Disadvantaged girls change their communities by learning to encode


The poorly maintained roofs stand in stilts in the contaminated water. The canoes are necessary for transport through the narrow channel maze. Okpoe's father is a fisherman, and her mother sells smoked fish, coming out alive on the fringes of Africa's largest city.

Lagos has a thriving economy based on oil, finance and construction. And the city is now considered to be Nigerian Silicon Valley, with Facebook and Google opening offices there earlier this year.

However, it is estimated that at least 2/3 of the city's 21 million inhabitants live in slums without reliable electricity, clean water and sanitation.

"When I first went to Makoko, I was surprised to see people's living conditions," recalls Abisoye Ajayi-Akinfolarin, a computer programmer at Lagos. "Most girls are trapped in a vicious cycle of poverty. Many of them do not think about education, a plan for the future. "

But several times a week, girls like Okpoe get a taste of another world when they watch GirlsCoding, a free program run by the Pearls Africa Foundation that seeks to educate and excite girls about computer programming. Since 2012, the team has helped more than 400 disadvantaged girls to acquire the technical skills and the confidence they need to transform their lives.

It is the vision of Ajayi-Akinfolarin, which left a successful career to devote to this work. He had noticed how few women worked in this growing sector – a government survey in 2013 found that less than 8% of Nigerian women are employed in professional, managerial or technological work. He wanted to correct the gap between the sexes.

"Technology is a place dominated by men, why should we leave it to the guys?" he said. "I think girls need opportunities."

Now, after school and summer, dozens of girls ages 10 to 17 are trained in HTML, CSS, JavaScript, Python and Scratch. Students come from slums or other difficult circumstances, such as orphanages, prisons, and even a camp for those who have to leave Boko Haram.

"I believe you can still find diamonds in these places," said Ajayi-Akinfolarin. "Another life needs to be presented."

One way in which her program is doing is to get students to visit technology companies – not just to show them what technology they can do, but also to help them portray themselves involved in the industry.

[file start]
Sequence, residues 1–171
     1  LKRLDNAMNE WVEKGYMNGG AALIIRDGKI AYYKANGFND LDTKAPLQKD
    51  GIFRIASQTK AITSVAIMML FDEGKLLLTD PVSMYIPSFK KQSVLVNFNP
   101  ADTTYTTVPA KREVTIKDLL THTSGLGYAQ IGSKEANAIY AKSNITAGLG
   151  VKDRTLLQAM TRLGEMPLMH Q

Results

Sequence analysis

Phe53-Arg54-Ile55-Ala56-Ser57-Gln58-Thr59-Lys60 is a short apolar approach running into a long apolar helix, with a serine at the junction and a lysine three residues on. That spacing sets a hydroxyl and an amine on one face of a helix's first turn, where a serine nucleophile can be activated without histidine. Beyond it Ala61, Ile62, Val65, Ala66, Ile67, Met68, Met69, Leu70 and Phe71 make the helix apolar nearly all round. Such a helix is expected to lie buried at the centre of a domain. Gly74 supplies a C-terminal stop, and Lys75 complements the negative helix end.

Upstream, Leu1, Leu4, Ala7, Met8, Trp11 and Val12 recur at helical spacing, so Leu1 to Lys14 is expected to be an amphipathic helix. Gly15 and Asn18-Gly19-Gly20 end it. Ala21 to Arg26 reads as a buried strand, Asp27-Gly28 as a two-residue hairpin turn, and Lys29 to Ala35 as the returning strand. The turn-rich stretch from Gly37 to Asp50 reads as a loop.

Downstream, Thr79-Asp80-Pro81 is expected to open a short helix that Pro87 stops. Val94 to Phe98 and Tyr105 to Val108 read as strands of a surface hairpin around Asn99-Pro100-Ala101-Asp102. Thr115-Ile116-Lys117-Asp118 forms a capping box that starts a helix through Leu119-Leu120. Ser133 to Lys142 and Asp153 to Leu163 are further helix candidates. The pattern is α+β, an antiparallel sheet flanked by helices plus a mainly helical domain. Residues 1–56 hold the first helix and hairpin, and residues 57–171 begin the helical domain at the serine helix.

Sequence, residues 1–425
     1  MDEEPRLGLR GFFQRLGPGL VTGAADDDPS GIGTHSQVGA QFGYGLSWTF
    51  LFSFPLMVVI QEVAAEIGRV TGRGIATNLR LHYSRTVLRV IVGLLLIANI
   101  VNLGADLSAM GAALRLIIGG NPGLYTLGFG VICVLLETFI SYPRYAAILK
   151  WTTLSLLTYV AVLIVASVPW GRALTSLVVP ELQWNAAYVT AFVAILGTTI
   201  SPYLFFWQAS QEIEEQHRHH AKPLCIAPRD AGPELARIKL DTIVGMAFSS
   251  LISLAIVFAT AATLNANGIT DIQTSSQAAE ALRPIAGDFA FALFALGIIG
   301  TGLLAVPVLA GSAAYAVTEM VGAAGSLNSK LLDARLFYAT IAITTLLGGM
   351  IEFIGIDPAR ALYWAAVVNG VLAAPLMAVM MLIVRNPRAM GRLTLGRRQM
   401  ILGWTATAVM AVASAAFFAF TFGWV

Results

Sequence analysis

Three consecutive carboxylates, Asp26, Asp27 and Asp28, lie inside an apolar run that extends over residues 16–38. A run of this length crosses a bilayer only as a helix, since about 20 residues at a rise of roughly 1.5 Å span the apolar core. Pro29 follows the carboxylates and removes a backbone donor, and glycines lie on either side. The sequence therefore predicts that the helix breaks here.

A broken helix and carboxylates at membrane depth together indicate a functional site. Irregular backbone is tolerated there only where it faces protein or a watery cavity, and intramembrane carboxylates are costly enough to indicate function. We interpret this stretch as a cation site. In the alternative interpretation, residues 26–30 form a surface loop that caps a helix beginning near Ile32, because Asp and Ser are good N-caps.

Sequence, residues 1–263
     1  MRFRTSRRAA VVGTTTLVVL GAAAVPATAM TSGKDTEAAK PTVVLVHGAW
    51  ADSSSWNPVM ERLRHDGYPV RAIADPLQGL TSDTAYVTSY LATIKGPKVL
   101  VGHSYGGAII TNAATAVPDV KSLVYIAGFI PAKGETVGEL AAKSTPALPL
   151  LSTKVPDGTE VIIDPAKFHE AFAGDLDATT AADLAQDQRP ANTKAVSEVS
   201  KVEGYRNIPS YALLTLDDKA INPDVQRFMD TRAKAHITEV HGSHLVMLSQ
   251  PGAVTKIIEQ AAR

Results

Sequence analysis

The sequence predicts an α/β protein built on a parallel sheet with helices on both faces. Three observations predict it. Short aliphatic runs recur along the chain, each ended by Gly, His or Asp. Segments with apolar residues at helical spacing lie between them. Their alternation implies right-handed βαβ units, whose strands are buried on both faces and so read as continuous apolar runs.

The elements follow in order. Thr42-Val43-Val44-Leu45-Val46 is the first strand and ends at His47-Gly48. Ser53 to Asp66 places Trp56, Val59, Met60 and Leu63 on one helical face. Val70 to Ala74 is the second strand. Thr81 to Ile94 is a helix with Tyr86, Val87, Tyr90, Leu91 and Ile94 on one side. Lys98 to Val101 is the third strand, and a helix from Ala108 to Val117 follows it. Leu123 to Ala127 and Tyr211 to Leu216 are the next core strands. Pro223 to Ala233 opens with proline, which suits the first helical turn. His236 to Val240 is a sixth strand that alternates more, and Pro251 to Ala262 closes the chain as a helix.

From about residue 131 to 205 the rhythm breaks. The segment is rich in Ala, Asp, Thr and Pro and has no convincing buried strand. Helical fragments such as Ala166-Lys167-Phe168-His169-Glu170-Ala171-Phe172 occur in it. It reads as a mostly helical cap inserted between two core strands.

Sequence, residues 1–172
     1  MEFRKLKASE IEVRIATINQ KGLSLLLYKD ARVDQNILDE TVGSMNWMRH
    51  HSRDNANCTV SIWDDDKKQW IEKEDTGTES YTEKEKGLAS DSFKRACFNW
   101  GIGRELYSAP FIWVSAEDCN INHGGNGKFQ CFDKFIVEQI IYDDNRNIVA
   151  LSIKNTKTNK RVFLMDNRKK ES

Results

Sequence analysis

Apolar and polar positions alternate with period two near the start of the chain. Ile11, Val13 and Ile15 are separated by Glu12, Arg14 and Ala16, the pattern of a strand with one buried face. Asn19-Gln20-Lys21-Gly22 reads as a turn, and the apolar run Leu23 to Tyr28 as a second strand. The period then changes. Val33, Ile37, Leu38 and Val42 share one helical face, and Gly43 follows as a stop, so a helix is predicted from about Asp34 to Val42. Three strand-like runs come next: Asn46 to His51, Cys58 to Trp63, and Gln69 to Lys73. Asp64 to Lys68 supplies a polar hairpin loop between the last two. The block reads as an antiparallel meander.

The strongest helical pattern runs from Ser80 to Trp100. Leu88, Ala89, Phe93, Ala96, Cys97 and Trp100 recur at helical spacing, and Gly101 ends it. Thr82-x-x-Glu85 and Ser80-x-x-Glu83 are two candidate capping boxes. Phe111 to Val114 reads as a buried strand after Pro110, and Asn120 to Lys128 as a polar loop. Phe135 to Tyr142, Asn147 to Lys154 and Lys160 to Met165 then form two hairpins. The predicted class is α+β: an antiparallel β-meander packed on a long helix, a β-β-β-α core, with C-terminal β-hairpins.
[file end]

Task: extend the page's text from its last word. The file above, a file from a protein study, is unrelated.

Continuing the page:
Okpoe, for one, took it to heart. He helped create an application called Makoko Fresh, which was put into operation in the summer, allowing fishermen like her father to sell seafood directly to customers. He wants to become a software engineer and hopes to study computer science at Harvard.

"One thing I want to keep my girls is, no matter where they come from, they can do it," he said. "They are coders, they are thinkers, their future is bright."

CNN spoke with Ajayi-Akinfolarin for her work. Below is a modified version of their conversation.

CNN: How did I discover your love for computers?

Avisiy Alyi-Akinofarin: The life that grew for me was tough. Losing my mother at the age of 4 (that) beaten by my father – life was just crazy. I learned to take care of myself.

My first computer experience was at the age of 10, at a school break, at a business center run by my brother's boyfriend. Learning to type and modify text in Microsoft Word was simply beautiful. But I really discovered my love for computers when I was a member of an IT company as a post-high school student. When I was known in the world of computer programming, I was normal with it. Once it flows. It's all about solving problems. I never knew I would be looking for solutions to problems with less privileged girls.

CNN: Does it resolve problems at the heart of your program?

Ajayi-Akinfolarin: This is the theme of GirlsCoding. We also want girls to be leaders and agents of change. We are coding for a purpose, so we try to solve problems related to what they see.

For example, a project I really like is called Baskets of Hope. Girls wanted to get the beggars off the streets, so they created a website that was a bridge between the rich and the poor. They wanted a way in which one can overcome their home and call them. Then they get what they unload – food, clothes, educational materials – and give them to those in need.

We have another project called Break the Blade, about stopping female genital mutilation. These girls believe that there is a lot of ignorance about it and they want to be ambassadors in this matter. Eventually, they want to have a nut set where you can press a button and invites local authorities to come in if the FGM is going to take place.

The fact that they can create solutions to their problems makes them feel bold. This is no longer for coding.

CNN: What do you hope to do in the future?

Ajayi-Akinfolarin: We are currently expanding to different nations in Nigeria. One day, we also hope to have an institution called the Girls Village – a housing program that will provide all kinds of training for young girls. We would also give them the opportunity to bear their ideas on how to solve problems in their communities and learn how to separate them. You could call it a larger version of what we are doing today.

CNN: You left a career in a growing industry to do this job.

Ajayi-Akinfolarin: We want girls to be technology creators, not ordinary users. Watching them write code is beautiful. Many of them never touched a computer before they arrived here. It's mind-blowing. The joy on their faces is more than just money. I can not buy it.

Do you want to get involved? check it Website of the Pearls Africa Foundation and see how to help.

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